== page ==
auntie betty

Latest posts by auntie betty

Newbie help

Posted: 09/06/2013 at 18:18

Yep, astilbe. Fluffy flowers will be white, pink or red. Likes soggy heavy soil in sun or partial shade. Whites cope better with more shade. Stems of whites are green, pinks and reds usually have reddish stems and/or leaves when they emerge. Lovely plants, best in large clumps. Good companions for similar conditions are iris sibirica, daylily (hemerocallis), darmera peltata, hosta, lobelia cardinalis, rodgersia, bergenia cordifolia and any white-variagated evergreen euonymous. Can I recommend the rhs encyclopaedia of planting combinations to you? This is a great go-to book for inspiration for newbies and old-hands alike, as well as being a lovely browse with a brew! Get the soft-back 2012 edition (I got my latest copy from Amazon, having given my old one to a friend) as it has lots of extra stuff in that'd be useful to a novice. If you've got that, plus any general encyclopaedia of plants to look up stuff you've never seen before, then you're away. Put the encyclopaedia in the car wen u go plant-purchasing so u can look up stuff when u see it at the nursery/gdn centre! And best advice a newbie can get... Plant in BIG CLUMPS. Shrubs etc can be one-offs, but for herbaceous, triangles of 3s or 5s works perfectly. Have more of less and your garden will feel balanced and mature so much faster. Hope the unsolicited advice isn't unwelcome! Bx

Houtiyana, Bishops Weed, Heartlead, EVIL!

Posted: 09/06/2013 at 17:59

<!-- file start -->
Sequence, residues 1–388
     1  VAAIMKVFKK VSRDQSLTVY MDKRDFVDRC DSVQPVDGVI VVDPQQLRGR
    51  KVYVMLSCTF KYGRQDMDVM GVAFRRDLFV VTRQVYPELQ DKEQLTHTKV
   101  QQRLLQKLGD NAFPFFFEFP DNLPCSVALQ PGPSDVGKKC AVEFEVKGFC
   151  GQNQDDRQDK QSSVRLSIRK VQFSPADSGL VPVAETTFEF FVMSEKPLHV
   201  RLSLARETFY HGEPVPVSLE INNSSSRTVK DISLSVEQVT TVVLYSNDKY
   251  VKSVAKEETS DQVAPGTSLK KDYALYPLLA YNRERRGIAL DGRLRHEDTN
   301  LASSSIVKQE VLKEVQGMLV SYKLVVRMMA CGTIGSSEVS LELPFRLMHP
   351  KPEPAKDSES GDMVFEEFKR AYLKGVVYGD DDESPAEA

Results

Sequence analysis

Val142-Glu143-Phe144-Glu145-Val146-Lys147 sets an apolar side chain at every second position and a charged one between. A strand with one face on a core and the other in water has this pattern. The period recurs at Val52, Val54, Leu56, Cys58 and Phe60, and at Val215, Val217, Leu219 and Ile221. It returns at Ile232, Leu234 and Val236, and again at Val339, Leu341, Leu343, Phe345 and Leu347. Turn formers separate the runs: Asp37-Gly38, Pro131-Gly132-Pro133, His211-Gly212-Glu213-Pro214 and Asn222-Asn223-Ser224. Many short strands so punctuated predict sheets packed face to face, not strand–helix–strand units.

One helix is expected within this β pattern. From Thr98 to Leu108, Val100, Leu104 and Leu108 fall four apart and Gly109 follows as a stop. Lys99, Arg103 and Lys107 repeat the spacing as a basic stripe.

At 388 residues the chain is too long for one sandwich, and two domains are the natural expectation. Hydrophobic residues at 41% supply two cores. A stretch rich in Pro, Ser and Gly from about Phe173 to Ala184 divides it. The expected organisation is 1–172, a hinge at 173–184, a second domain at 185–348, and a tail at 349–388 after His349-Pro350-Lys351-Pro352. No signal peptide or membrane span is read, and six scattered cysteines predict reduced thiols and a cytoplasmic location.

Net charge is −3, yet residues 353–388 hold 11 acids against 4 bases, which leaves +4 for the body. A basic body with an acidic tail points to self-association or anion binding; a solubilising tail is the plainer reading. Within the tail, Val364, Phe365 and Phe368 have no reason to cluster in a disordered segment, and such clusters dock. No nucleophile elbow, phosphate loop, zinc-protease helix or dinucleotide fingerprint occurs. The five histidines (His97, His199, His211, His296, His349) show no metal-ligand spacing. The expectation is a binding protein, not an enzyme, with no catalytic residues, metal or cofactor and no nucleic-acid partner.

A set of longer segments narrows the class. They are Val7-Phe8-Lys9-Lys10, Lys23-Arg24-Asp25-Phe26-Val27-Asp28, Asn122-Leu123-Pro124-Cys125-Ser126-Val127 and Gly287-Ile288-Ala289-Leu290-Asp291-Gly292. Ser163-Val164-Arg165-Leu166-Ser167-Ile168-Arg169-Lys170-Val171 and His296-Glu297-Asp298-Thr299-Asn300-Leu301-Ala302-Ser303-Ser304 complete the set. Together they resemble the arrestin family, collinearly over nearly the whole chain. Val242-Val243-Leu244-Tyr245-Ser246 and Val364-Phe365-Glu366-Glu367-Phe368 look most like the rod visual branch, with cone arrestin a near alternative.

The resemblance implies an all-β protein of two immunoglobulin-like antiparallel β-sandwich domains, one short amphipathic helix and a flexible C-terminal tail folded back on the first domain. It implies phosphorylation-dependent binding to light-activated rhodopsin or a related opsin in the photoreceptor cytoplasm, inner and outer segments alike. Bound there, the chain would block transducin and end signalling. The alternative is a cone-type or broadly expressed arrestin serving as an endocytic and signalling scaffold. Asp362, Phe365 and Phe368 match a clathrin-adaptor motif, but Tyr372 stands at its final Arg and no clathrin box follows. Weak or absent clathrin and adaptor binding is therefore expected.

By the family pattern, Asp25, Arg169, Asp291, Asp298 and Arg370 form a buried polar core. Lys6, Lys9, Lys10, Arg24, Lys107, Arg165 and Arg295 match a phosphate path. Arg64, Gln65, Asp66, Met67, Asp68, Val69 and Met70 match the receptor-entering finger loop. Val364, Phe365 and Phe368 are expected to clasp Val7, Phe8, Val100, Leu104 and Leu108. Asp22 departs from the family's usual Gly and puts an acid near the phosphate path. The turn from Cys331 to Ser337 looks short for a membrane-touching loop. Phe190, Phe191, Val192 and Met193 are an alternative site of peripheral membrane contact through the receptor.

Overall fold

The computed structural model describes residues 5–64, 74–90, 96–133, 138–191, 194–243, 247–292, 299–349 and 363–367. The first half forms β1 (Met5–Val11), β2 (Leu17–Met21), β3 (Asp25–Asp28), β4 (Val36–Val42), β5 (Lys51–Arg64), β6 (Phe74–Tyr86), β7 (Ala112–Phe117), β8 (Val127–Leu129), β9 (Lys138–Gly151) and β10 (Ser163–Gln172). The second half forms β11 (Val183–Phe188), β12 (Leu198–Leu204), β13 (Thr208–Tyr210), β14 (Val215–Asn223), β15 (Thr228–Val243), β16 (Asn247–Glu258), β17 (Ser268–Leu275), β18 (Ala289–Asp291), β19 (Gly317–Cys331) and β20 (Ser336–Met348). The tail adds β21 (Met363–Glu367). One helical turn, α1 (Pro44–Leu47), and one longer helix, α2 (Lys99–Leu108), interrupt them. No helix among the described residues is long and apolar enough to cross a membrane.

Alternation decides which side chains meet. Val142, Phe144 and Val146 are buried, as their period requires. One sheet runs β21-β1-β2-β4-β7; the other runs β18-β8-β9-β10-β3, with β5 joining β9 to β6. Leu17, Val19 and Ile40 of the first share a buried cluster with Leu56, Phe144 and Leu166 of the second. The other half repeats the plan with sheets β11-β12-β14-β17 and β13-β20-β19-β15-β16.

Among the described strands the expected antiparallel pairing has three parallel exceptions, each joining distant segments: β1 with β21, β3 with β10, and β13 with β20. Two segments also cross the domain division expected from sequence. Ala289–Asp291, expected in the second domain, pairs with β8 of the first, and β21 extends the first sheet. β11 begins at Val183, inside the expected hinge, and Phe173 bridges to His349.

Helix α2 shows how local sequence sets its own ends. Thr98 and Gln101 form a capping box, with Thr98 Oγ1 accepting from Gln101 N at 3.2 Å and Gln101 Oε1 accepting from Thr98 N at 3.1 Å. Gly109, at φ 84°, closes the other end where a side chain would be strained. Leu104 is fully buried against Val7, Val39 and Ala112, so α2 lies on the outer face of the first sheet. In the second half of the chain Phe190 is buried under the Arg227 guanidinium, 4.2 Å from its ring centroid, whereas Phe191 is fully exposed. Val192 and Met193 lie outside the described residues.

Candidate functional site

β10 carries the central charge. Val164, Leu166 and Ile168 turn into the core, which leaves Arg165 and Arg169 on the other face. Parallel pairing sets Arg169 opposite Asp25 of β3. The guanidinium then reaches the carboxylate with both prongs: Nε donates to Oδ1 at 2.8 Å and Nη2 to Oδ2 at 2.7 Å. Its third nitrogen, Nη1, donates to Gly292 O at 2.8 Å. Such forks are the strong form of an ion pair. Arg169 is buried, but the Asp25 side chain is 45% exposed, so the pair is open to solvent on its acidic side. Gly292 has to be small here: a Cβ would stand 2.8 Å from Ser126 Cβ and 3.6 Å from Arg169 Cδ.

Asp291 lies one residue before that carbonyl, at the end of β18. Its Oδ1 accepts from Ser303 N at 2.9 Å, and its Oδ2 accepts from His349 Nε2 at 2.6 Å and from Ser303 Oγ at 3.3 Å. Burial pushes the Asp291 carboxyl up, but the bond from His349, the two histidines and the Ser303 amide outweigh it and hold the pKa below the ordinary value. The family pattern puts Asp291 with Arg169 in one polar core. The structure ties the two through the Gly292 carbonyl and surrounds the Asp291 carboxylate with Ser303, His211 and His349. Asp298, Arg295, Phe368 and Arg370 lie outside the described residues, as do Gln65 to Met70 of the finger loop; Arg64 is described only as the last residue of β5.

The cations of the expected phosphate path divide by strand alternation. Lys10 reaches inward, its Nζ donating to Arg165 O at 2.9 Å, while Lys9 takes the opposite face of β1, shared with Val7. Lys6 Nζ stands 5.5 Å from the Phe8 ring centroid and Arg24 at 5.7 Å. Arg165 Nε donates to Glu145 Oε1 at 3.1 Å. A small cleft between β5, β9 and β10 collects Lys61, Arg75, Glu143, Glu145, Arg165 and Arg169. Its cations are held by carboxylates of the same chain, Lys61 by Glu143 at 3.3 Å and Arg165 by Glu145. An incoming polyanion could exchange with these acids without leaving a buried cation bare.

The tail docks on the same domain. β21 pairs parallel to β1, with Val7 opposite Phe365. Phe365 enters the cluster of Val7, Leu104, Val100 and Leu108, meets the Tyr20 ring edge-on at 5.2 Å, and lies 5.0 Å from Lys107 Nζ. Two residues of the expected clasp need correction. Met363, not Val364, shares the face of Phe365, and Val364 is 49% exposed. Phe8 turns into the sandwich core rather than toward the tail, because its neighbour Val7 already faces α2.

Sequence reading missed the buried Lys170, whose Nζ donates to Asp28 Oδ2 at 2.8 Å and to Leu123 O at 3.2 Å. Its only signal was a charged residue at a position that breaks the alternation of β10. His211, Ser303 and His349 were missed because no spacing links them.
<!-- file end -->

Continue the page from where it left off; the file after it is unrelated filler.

Bramble killer. Spray on, let it dry, repeat and then wait a few days. If it hasnt blackened within a week, do it again. And when bits grow back, do it AGAIN. Until it gives up, which it will. Any time its actively growing is fine to do this.

Name your favourites - help me fill a trellis

Posted: 09/06/2013 at 17:55

Climbing hydrangea isn't evergreen though the similar schizophragma sometimes is.. You might consider trachelospermum jasminoides. Evergreen, scented and pretty happy to combine with clematis.

swell gel and plant food

Posted: 09/06/2013 at 17:50

I always pre-swelll water retaining granules for summer containers, as I find it stops the compost overflowering when I first water. I was wondering if it was a good idea to use diluted plant food instead of plain water to fill them. Whaddya reckon? Presumably the water in swell-gel is availabe for the plants to actually use, and so the fertiliser would be too.. Just a thought. I don't like using feed granules as I'm never convinced they stay wet enough to actually disperse the food - they're always still there at the end of the season.  Does anyone else do this? Bx

Help please

Posted: 08/06/2013 at 05:58

Choisya maybe? Easy evergreen shrub (or ever-gold, depending on variety) known as mexican orange blossom for its lovely white fragrant flowers. Likes clay. Plant some hardy geraniums or daylilies (hemerocallis) around it/in front of it until it gets bigger. I'd avoid the skinny-leved ones as they tend to be much slower and foliage can suffer a bit in full sun. The larger lobed-leaved ones are tough as old boots but really lovely. Bx